Mira-masi of Fasting, Feasting is also a widow. Mira-masi has lived a part of her life in obscurity in the company of her husband.

Mira-masi was not her [Mama’s] sister but a very distant relative, the second or possibly even the third wife of a relative Mama preferred not to acknowledge at all. He, fortunately, had been content to live in obscurity till - eventually, conveniently - he died, but this wife of his had in her widowhood developed an unsettling habit of travelling all over the country, quite alone, safe in her widow’s white garments, visiting one place of pilgrimage after another like an obsessed tourist of the spirit, and only too often her hapless relatives by marriage found themselves in her way, at convenient stopping places. – (Fasting, Feasting, Vintage, UK, 2000, p. 38-39)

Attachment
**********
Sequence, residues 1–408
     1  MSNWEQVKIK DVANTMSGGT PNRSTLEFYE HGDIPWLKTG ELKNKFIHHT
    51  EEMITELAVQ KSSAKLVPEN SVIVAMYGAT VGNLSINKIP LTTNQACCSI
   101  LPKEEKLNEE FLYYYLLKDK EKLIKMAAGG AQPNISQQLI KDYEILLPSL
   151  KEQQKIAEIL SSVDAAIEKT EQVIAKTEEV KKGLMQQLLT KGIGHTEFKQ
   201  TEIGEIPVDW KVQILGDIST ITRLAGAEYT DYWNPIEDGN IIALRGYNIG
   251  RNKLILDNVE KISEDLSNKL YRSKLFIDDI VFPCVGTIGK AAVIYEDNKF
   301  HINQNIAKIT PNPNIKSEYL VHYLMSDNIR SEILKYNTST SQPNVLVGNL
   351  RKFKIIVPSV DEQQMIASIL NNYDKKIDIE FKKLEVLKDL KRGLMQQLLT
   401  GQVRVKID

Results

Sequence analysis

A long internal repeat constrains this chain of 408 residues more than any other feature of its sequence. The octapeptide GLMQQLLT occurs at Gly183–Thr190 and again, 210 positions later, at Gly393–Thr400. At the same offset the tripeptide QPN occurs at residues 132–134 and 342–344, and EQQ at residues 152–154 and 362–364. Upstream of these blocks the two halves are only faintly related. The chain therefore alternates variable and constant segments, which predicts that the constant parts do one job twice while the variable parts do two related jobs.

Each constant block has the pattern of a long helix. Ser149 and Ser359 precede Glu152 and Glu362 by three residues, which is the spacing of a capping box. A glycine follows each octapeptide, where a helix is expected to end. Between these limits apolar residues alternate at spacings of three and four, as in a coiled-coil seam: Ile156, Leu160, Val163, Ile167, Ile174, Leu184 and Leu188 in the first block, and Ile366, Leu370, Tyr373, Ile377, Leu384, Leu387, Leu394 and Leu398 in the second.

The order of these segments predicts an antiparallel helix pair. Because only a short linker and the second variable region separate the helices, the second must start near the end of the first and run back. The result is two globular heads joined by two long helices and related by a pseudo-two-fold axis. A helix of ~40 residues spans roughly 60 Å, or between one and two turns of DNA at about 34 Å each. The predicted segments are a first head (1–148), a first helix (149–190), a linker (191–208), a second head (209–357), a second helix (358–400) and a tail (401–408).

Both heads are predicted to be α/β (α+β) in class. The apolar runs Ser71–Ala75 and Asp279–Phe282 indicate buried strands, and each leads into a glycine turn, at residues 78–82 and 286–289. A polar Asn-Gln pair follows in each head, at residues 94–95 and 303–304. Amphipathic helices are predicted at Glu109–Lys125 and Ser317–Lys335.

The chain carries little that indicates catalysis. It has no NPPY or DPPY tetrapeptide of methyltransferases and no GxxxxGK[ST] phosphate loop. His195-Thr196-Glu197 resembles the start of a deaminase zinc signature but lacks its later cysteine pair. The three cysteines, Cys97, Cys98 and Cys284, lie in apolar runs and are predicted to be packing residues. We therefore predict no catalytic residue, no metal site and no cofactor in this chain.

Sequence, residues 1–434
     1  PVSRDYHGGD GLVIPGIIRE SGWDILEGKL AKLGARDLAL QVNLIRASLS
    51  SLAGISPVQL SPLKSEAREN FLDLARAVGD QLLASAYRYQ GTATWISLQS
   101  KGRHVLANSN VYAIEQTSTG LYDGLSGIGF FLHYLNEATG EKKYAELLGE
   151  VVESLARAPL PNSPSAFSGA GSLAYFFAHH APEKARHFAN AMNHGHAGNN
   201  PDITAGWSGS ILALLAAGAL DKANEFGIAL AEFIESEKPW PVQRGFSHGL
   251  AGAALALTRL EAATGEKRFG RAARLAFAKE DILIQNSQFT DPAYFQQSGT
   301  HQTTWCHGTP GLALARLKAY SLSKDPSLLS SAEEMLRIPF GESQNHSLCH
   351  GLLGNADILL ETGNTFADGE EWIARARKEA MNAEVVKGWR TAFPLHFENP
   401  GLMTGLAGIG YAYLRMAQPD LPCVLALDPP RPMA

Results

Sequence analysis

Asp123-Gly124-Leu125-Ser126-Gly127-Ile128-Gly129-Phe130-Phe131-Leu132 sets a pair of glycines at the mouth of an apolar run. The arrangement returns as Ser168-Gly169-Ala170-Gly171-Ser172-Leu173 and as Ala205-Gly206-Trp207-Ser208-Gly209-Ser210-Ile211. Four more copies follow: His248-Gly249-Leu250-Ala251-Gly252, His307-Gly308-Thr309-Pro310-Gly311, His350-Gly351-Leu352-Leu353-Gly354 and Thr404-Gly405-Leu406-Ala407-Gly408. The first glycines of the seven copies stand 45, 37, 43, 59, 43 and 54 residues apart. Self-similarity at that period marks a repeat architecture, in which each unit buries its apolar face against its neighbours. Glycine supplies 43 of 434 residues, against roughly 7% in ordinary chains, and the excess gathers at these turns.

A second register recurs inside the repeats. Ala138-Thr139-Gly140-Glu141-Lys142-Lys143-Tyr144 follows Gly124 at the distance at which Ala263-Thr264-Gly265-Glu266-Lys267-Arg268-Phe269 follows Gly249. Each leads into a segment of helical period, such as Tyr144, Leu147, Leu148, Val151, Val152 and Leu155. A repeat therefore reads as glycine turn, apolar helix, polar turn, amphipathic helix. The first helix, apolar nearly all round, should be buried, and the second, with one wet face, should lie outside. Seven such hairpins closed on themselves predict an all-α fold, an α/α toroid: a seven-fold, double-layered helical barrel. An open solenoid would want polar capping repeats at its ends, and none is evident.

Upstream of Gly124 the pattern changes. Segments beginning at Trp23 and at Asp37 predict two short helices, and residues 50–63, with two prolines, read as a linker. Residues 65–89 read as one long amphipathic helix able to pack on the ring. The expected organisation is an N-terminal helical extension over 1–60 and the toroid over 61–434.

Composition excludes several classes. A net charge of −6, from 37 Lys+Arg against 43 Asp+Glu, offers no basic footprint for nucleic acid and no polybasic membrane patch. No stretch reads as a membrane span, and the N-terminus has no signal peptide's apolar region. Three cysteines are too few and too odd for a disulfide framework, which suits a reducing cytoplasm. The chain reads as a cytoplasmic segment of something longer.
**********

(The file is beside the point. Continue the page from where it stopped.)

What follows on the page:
After becoming a widow she realizes the loneliness facing her is daunting and yet it has provided her an opportunity to emerge from obscurity. She knows that no relatives are going to take a useless widow into their family. So she takes up ‘religion as her vocation’ and conveniently slips into all the branches of the family every now and then thus making up her social life. Mira-masi fears exclusion-ism, especially because of her previous obscure existence, and hence she fortifies herself with gossips and annals of the family even though it is difficult for some to ‘consider it her family’. Both Aunt Mira and Mira-masi face ostracism because of their widowhood and it is this that make them feel exiled and alienated. Both try to escape from their condition - one in the seclusion of a family where she is of some use and the other as a recluse hopping from one destination to another.